I have racked my brains for some time as to what the finest Sinatra album of them all is. Having listened to all but a few of them I can safely say the job gets more difficult the more you listen to. In my humble opinion I can break down his finest five into this list; "Sinatra and Strings", "September of my Years", "Sinatra and Swingin' Brass", "Moonlight Sinatra" and "Sinatra Sings For Only The Lonely". This is a debateable topic, and if something said to me "No you're wrong. Songs for Swingin' Lovers is the best", I would not argue with them, as each album holds a special place in everyone's heart for personal reasons. However there is no doubt to the musical prowess of this album.

I can narrow my greatest album list to Five, but I cannot rank them in order beyond on that for one simple reason. Each Sinatra concept album has a time and a place. No album is better than Swingin' Brass than when you're happy and full of energy. When darkness and romance is in the air Moonlight Sinatra is the only album that will do and so on for the other albums I have mentioned. When you're on the rocks, broken, beaten up and at your weakest nothing eases a troubled soul as Only the Lonely does.

This album is good at any time, however it never quite works and seems slow and melancholy if listened to when you're in a good mood during the day. At night and in sadness this album comes alive and each notation says exactly what you're thinking. It becomes an all consuming rhapsody of misery, which whilst sounding rather drab is in fact perfect for the moment. Listen to this alone, when you need a friend.
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35 of 36 people found the following review helpful By A Customer on 15 Jan. 2003
Format: Audio CD
This is widely regarded as a recording masterpiece and rightfully so. Frank always went for the suicide song and here he embraces it. Nelson Riddle's arrangements are beautiful but restrained, with The Man himself at the forefront, giving this entire recording an intimate feel as though your setting next to him in a smoky bar on the corner while he tells you these sad stories of love lost.
From the start of this album and "Only the Lonely" we know what this is about and who it's for. Girls may love Sinatra but this is for all us guys who love them, who love them hard and with everything, and lose. It was something Sinatra knew well and he was never more perfect and eloquent in his tone and phrasing than right here. The sadness and longing as Frank drowns along with us is masterful and the continuity of the album itself is amazing. One great song is followed by another as Sinatra sings all the things we feel.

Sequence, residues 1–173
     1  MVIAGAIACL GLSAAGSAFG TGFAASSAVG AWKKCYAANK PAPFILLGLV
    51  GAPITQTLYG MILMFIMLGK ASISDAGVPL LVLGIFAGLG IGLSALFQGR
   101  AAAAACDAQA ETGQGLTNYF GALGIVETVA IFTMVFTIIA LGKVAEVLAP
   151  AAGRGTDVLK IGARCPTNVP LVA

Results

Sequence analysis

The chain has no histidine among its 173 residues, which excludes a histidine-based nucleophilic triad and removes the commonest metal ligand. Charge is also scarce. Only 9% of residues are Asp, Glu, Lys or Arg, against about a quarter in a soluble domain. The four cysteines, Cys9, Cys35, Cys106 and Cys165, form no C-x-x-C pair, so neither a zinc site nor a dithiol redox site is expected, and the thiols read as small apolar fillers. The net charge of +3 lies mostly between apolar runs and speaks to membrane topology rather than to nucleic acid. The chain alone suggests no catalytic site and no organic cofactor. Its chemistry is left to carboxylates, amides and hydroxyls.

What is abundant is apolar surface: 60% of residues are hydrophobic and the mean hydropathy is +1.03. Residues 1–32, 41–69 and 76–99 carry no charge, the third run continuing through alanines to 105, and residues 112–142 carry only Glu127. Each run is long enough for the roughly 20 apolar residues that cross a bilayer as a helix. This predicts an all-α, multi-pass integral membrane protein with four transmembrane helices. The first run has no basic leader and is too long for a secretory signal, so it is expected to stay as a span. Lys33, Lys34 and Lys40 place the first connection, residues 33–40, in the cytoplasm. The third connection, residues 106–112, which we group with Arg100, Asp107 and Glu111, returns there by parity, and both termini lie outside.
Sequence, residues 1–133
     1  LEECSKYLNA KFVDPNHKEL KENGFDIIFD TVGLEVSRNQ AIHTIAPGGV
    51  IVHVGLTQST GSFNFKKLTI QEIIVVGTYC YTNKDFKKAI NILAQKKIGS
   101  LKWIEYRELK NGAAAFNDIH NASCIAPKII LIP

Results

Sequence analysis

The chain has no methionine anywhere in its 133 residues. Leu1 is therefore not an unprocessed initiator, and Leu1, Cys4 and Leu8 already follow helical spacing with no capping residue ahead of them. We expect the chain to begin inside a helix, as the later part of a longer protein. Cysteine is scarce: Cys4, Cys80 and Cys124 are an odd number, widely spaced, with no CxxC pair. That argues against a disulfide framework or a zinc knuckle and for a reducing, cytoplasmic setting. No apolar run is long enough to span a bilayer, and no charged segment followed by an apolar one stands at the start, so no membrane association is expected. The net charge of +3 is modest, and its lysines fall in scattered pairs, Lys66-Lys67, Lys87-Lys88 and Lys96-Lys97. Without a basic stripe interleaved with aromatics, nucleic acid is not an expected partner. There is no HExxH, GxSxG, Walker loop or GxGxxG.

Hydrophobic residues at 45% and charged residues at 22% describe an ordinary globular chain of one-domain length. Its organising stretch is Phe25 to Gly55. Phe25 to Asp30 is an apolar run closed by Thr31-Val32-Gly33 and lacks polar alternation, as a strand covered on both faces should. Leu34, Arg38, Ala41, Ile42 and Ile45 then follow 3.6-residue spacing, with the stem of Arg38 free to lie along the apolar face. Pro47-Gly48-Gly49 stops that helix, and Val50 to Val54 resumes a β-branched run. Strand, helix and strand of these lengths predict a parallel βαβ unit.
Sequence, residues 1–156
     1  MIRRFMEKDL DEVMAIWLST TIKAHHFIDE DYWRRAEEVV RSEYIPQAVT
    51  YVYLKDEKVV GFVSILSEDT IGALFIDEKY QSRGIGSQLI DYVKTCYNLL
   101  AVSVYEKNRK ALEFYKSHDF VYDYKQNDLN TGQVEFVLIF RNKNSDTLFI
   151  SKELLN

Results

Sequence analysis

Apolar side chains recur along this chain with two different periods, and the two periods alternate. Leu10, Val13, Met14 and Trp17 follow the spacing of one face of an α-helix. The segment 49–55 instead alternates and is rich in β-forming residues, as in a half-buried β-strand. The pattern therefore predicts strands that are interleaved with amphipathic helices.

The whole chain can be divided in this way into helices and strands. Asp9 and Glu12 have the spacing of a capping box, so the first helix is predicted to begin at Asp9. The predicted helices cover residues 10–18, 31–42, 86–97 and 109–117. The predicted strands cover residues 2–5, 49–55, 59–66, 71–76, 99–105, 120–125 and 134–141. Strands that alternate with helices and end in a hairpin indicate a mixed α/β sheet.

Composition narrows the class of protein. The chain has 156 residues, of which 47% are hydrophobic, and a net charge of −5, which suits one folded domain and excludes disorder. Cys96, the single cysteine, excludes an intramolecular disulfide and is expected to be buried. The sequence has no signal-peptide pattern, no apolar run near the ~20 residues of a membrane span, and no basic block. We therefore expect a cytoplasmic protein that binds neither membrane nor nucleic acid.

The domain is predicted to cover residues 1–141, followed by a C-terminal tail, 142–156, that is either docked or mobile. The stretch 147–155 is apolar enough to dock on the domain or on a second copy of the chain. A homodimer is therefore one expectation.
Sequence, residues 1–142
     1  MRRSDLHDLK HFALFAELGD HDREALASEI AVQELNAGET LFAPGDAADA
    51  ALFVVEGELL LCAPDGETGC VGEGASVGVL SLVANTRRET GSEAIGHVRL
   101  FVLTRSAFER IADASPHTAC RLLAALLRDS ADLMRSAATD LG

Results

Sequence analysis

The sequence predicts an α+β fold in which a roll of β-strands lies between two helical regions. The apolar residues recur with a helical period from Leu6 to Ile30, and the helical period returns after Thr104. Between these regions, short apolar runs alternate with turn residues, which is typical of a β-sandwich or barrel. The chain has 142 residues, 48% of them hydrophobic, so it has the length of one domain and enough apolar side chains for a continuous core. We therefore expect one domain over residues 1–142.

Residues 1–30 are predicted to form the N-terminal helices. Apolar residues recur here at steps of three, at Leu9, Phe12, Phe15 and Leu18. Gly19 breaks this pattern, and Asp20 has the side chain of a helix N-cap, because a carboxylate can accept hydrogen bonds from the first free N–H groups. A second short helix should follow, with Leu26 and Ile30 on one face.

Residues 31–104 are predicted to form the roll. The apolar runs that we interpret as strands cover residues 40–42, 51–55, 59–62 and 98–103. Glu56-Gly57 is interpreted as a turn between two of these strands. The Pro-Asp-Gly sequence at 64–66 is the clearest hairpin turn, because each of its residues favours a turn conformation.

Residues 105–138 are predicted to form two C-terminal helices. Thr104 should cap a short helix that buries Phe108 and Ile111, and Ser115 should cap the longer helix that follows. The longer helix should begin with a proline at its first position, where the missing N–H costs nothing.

The more upbeat "Come Fly With Me" stuff from other concept albums was great but by the end of this recording we feel as if we actually know Frank. After all, it's past midnight in this smoky bar and we've been swapping our tales of woe for hours. "One For My Baby, and One More For the Road" is my personal favorite though you could pick just about any cut and not go wrong. This is truly an intimate and personal recording by the greatest artist of our century. Sinatra knew heartache and made it seem ok to be all messed up about a girl, wondering if love would ever come down the road again.
If you don't own this Sinatra recording yet, you are missing something really special that passed this way. So set 'em up Joe, I"ve got a Little Story to Tell....
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25 of 26 people found the following review helpful By A Customer on 5 Jan. 2003
Format: Audio CD
Make it this one! This late Capitol album sees the Chairman of the Board in fine voice - arguably the best it has been and will ever be - coupled with long term arranger Nelson Riddle.
From the opening track - Only the Lonely (a new piece written specially for the album by Sammy Cahn and Jimmy Van Heusen) - to the final clamactic chord on the previously unissued "Where or When", Sinatra shows the listener many stages of sadness. In the plaintive opening track, he is the detached narrator, preparing you for the rest of the album. In the poignant "Guess I'll Hang My Tears Out to Dry", Sinatra is in emotional turmoil concerning a present love or loss. And in the climax of the album (or anti-climax, depending on how you look at it), the sobering "One For My Baby", Sinatra is a battered and beaten voice of experience.
Utilising an enormous ensemble, larger than that on "The Concert Sinatra", "Only the Lonely" is a treasure you will keep for as long as you live, a far cry from the horrific soft-rock attempts of the late sixties and seventies by Sinatra.
The mastering and production is crystal clear on this disc, as is the playing. Riddle's orchestrations are masterpieces in their own right, many possessing a Stravinskian, certainly symphonic quality. And the misery and suffering of the singer, on this wonderful album, will haunt you whenever you are listening. This is a true companion to have, and one that demonstrates the most underrated, under publicised part of Sinatra - his singing. Whenever anyone asks you why Robbie Williams can never measure up to the sheer force of Frank's talent, just show them this CD!